The first weeks of this module is spent working on introductory activities using a Virtual Learning Environment, a week is then spent in Oxford for face-to-face teaching and group work (this takes place on the dates to be confirmed), there are then a series of extended Post-Oxford activities (delivered through the VLE) over the following 4-6 weeks which are designed to support you in the preparation and delivery of the practical elements of your assignment. You will be required to submit your written assignment electronically (usually on a Tuesday at 14:00 UK Local Time).
Patients, Citizens & the Politics of Evidence
Examining the role of patients and citizens in providing evidence for health care research
This module aims to help you appreciate the complexities of 'patient', 'citizen' or 'user' involvement. Health care providers and researchers are increasingly expected to include the perspective of patients and citizens. But what role is the patient or ‘ordinary citizen’ expected to play in the process of generating and applying evidence? What is the nature of the expertise they bring? Who (if anyone) do such individuals represent, and whose voices might go unheard? Increasingly, policy is expected to be evidence-based, and health care providers are expected to demonstrate use of (often very specific kinds of) evidence to support their decision-making. But what counts as evidence – and who decides?
As global communications invite public comment on issues ranging from vaccination to globalisation, what role do different kinds of knowledge, expertise and power play in the generation of evidence and its application? Finally, in the context of a shift towards a molecular and genetic basis for many medical treatments, the module will address the multiple meanings of the terms ‘patient/person-centred’ and ‘personalised’ medicine.
On completion of this module, we expect our students to be able to:
Summarise the evidence base for patient and citizen involvement and engagement in the generation and use of health research evidence
Address the topic of patient and citizen involvement from a critical social science perspective giving consideration to the actors involved and their respective interests
- Critically evaluate the concepts of evidence and expertise in relation to health care and research, applying key theories and models to real examples
Research methods and techniques taught in this module:
In-depth semi-structured and narrative interviews
Examples of case studies to be discussed in this module:
Involving patients and citizens in biobank governance
“We the people”: how citizen involvement in implementing the Sustainable Development Goals plays out differently in different cultural and political settings
The PARADIGM project: an initiative to improve patient and lay involvement in the development and testing of new drugs (especially industry-led clinical trials)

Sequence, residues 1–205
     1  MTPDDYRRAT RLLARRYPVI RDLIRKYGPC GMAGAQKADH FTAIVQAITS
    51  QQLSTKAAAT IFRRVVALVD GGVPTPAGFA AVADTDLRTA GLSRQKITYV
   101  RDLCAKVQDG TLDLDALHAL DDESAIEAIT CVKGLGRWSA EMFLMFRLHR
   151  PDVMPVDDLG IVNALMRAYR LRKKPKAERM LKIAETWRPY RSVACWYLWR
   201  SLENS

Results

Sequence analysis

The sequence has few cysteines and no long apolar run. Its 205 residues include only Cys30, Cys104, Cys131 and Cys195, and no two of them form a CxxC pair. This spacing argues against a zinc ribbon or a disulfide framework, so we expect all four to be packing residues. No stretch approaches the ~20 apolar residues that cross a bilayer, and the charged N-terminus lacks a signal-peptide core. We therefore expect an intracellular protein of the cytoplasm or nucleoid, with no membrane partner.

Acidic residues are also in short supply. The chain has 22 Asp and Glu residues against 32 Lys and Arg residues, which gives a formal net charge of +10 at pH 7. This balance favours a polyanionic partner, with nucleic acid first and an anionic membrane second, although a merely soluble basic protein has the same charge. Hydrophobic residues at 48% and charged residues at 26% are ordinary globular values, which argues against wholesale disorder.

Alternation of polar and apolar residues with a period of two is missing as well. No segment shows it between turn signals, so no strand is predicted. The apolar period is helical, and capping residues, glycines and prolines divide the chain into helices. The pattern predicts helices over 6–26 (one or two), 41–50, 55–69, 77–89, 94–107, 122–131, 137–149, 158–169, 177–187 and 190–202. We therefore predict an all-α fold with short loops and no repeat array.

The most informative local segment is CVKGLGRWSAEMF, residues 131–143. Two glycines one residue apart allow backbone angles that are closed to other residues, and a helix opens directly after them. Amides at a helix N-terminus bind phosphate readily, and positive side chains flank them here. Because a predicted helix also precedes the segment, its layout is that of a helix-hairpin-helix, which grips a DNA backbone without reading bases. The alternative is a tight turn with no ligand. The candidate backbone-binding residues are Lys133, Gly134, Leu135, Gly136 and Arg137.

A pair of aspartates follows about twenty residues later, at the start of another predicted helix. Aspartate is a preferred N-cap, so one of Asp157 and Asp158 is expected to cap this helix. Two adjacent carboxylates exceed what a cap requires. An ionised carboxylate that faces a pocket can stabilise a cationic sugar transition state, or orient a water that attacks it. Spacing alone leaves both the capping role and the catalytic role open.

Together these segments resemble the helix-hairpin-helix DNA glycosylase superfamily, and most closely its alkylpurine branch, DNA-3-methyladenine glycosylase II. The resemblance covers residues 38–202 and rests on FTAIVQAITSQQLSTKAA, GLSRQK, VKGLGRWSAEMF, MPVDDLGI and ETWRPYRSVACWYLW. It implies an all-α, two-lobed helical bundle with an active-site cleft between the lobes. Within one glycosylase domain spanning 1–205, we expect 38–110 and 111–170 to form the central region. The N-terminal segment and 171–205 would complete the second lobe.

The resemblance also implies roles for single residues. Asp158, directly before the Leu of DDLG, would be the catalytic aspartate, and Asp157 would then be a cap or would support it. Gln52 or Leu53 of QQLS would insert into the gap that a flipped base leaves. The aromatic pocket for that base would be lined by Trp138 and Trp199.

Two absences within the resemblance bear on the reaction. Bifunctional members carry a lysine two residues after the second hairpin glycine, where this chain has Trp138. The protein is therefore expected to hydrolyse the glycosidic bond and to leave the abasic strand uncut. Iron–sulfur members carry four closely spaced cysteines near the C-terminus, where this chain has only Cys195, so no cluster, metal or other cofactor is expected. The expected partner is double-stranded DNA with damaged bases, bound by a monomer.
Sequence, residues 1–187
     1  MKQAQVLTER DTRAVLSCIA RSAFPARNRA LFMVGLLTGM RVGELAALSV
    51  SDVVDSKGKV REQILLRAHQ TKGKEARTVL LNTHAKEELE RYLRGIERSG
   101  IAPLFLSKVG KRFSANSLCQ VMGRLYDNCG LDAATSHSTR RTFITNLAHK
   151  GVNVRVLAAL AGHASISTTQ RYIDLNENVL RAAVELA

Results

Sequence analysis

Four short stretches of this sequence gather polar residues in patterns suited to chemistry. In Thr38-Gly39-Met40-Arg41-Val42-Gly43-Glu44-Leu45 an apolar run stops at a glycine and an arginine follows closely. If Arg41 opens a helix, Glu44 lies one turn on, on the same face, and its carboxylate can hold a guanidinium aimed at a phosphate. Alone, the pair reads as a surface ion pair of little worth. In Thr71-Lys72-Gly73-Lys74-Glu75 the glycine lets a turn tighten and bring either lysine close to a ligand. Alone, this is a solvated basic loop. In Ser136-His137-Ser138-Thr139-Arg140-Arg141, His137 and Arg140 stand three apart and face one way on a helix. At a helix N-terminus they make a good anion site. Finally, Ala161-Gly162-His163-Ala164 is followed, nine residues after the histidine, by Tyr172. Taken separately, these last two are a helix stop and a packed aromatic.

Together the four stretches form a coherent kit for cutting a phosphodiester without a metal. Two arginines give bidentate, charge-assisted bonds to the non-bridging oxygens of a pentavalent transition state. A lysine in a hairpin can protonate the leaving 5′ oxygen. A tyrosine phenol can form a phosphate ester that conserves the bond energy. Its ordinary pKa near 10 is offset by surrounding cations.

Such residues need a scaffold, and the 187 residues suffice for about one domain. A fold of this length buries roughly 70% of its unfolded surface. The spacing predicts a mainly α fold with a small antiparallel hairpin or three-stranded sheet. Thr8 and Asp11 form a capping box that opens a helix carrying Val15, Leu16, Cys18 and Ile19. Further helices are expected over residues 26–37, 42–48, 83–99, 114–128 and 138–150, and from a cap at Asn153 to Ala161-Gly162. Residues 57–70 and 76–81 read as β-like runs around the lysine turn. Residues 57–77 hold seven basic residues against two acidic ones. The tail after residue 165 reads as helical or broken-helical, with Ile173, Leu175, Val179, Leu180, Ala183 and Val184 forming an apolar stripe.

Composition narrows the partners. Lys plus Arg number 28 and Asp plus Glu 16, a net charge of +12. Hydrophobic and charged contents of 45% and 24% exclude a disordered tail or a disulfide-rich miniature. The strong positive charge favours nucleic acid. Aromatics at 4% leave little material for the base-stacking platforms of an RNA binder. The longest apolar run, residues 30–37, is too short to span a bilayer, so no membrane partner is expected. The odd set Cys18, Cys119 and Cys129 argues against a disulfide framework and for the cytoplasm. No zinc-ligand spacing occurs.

Students enrolled on MSc in Translational Health Sciences: £2000.00 from 2020/21. Short Course in Health Sciences: tbc
Details of funding opportunities, including grants, bursaries, loans, scholarships and benefit information are available on our financial assistance page.
Dr Teresa Finlay
Dr Teresa Finlay is a Postdoctoral Researcher at the Nuffield Department of Primary Care Health Sciences, Oxford.
Dr Joanna Crocker
Dr Joanna Crocker is a Senior Research Fellow at the Nuffield Department of Primary Care Health Sciences, an OxBRC Research Fellow in Patient and Public Involvement (PPI) Impact Assessment and a Research Associate, Green Templeton College.
Assessment will be based on performance in a group presentation and submission of a written assignment which should not exceed 4,000 words.
This course is part of the MSc in Translational Health Sciences. Applications for this course can be made via the University of Oxford Graduate Admissions website. This website includes further information about this course and a guide to applying.
This course will also be open to students to take as an accredited short course in health sciences. Please contact email@example.com to register your interest in the course.
Applicants may take this course for academic credit. The University of Oxford Department for Continuing Education offers Credit Accumulation and Transfer Scheme (CATS) points for this course. Participants attending at least 80% of the taught course and successfully completing assessed assignments are eligible to earn credit equivalent to 20 CATS points which may be counted towards a postgraduate qualification.
Applicants can choose not to take the course for academic credit and will therefore not be eligible to undertake the academic assignment offered to students taking the course for credit. Applicants cannot receive CATS (Credit Accumulation and Transfer Scheme) points or equivalence. Credit cannot be attributed retrospectively. CATS accreditation is required if you wish for the course to count towards a further qualification in the future.
A Certificate of Completion is issued at the end of the course.
Applicants registered to attend ‘not for credit’ who subsequently wish to register for academic credit and complete the assignment are required to submit additional information, which must be received one calendar month in advance of the course start date. Please contact us for more details.
Please contact firstname.lastname@example.org if you have any questions.
Accommodation is available at the Rewley House Residential Centre, within the Department for Continuing Education, in central Oxford. The comfortable, en-suite, study-bedrooms have been rated as 4-Star Campus accommodation under the Quality In Tourism scheme, and come with tea- and coffee-making facilities, free Wi-Fi access and Freeview TV. Guests can take advantage of the excellent dining facilities and common room bar, where they may relax and network with others on the programme.
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